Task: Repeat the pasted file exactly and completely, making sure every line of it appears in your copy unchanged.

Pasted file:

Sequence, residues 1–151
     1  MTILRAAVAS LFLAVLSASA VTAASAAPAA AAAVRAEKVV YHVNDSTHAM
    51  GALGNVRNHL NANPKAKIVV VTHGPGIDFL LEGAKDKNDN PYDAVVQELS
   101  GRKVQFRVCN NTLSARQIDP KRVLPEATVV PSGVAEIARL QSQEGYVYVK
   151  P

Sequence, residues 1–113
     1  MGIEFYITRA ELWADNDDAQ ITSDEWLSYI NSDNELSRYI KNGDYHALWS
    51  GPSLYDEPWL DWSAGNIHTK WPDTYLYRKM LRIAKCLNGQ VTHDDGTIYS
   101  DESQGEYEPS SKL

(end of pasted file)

Sequence, residues 1–151
     1  MTILRAAVAS LFLAVLSASA VTAASAAPAA AAAVRAEKVV YHVNDSTHAM
    51  GALGNVRNHL NANPKAKIVV VTHGPGIDFL LEGAKDKNDN PYDAVVQELS
   101  GRKVQFRVCN NTLSARQIDP KRVLPEATVV PSGVAEIARL QSQEGYVYVK
   151  P

Sequence, residues 1–113
     1  MGIEFYITRA ELWADNDDAQ ITSDEWLSYI NSDNELSRYI KNGDYHALWS
    51  GPSLYDEPWL DWSAGNIHTK WPDTYLYRKM LRIAKCLNGQ VTHDDGTIYS
   101  DESQGEYEPS SKL